Sometimes forgotten due to its southern location, Maastricht has indeed something to offer for everyone. Foodies, shoppers and even history buffs will be kept busy.
Maastricht in a nutshell
Maastricht is located in the southern province of Limburg, bordered by Germany to the east and Belgium to the west. Settled by the Romans, it was an important stop on the trading route between Cologne and the North Sea.
While keeping its authentic atmosphere, Maastricht has also grown up. New contemporary architecture has sprouted, along with fashionable boutiques in the old town. Being squeezed between 2 countries has had its advantages. The city has a lively restaurant and bar scene with more than 500 pubs/cafes. We dare you to try and visit them all! The excellent cuisine – including several Michelin-starred restaurants – has helped to make Maastricht the culinary capital of the Netherlands.
Things to do in Maastricht
Like in most cities, the central marketplace is the commercial heart of the town, and Maastricht is no exception, with its Markt. There, you will find the striking 17th-century Stadhuis (‘City Hall’). Don't forget to say ‘hello’ to Jean-Pierre Minckelers, the man who invented gaslight in the 18th century and whose statue is situated at the Markt.
To get a sense for the defensive tunnels found in Maastricht, head to the Fort Sint Pieter. The fort dates from around 1700 and is still largely intact. The Helpoort – the oldest surviving Dutch town gate (1229) – is about 2 kilometers (1.2 miles) away.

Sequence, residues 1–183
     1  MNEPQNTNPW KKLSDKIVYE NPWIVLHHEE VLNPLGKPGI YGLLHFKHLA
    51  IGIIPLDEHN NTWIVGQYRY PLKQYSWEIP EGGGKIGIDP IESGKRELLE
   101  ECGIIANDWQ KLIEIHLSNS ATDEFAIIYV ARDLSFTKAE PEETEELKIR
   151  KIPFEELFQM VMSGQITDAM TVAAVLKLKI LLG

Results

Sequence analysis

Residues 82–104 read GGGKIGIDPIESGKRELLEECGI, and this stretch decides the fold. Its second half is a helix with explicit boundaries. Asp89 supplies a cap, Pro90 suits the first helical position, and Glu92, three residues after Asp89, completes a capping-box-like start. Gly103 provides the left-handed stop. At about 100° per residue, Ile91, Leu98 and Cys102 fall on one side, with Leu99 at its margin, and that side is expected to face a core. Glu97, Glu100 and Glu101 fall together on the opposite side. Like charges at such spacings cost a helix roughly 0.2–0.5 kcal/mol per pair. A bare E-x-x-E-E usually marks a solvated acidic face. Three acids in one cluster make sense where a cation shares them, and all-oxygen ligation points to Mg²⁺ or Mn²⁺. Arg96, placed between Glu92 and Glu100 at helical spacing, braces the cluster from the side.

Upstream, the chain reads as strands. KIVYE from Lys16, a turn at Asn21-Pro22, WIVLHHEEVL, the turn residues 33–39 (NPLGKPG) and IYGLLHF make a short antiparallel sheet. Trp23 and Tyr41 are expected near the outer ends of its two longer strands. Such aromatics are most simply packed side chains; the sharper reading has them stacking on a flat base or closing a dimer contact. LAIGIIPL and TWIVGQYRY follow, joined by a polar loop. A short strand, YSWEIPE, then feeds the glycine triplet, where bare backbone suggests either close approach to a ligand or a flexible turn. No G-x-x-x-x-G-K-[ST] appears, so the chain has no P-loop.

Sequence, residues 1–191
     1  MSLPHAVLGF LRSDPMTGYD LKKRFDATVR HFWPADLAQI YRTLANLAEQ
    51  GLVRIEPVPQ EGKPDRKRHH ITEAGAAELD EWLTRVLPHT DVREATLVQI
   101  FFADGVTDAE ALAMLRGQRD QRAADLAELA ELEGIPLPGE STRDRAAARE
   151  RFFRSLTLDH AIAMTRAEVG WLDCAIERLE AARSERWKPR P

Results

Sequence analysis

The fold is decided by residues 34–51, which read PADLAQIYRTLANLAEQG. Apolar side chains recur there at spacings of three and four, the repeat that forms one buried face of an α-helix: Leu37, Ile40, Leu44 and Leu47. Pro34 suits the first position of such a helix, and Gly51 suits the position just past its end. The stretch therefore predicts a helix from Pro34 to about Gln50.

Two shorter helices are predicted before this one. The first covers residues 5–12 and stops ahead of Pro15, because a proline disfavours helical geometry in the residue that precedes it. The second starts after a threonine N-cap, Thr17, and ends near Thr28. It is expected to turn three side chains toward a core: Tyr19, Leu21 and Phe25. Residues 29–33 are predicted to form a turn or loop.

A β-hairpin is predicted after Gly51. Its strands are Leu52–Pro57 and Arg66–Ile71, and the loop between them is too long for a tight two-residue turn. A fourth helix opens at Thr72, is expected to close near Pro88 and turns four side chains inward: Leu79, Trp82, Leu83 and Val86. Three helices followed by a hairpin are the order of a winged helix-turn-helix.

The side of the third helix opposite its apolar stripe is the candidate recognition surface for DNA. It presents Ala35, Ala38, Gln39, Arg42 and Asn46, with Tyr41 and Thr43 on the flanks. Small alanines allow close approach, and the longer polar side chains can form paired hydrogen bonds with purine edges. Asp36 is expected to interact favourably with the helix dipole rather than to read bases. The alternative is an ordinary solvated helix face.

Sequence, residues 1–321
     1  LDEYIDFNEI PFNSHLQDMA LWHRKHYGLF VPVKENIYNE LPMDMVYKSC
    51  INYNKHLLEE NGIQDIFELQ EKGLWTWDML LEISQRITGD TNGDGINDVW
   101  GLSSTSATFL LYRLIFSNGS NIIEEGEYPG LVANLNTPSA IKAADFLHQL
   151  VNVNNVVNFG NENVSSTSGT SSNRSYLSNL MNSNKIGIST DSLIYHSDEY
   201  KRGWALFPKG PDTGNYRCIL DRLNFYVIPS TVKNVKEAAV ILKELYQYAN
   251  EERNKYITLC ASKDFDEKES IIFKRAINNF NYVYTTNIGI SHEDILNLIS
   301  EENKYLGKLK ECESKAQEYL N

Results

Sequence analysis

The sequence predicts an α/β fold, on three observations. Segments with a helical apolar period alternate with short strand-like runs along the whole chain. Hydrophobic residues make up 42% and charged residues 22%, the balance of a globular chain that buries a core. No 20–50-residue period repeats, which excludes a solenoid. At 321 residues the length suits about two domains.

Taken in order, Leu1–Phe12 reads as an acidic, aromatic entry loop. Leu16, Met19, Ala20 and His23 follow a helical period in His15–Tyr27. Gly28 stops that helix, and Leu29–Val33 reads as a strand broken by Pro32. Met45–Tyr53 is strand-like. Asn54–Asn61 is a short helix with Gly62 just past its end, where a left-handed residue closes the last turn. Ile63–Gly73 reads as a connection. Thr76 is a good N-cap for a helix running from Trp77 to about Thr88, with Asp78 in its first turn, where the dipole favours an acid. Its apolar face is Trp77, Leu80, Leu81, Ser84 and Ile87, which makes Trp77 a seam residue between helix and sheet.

Are you a cave enthusiast? Then, head to Maastricht Underground. Tours of all sorts beneath Maastricht are run throughout the year. To top up on your museum, church and cafe quota, saunter over to the Vrijthof. Another large square in the city, just west of the Markt, it is a real active focal point of Maastricht. There’s 1 museum you definitely shouldn’t miss in Maastricht: the Bonnefantenmuseum. You'll be able to identify it by its 28-meter (almost 92-feet) high tower. The museum opened in 1995 and features Old Dutch Masters, medieval sculpture and contemporary local art. If you would like to condense as much as you can into one day, then do the Maastricht Boat Tour. There’s even time to enjoy a cup of coffee during this experience.
No matter how you enjoy Maastricht, there is one thing you really must do before leaving: eat a piece of vlaai. This pie/tart comes in several different varieties – from fruit-filled to a crumbled-butter and sugar mix. It is typical of the region of Limburg.
You’ll be heading to the southern half of the Netherlands with a visit to Maastricht. But in a country this small, that will still only take you around 2.5 hours from Amsterdam. Just enjoy the scenery as you travel, including windmills, sweeping fields and a handful of cows. As you get closer to Maastricht, you’ll start to see the landscape change gradually. Believe it or not, despite the country's flat reputation, you’ll even spot a hill or 2 in the region of Limburg.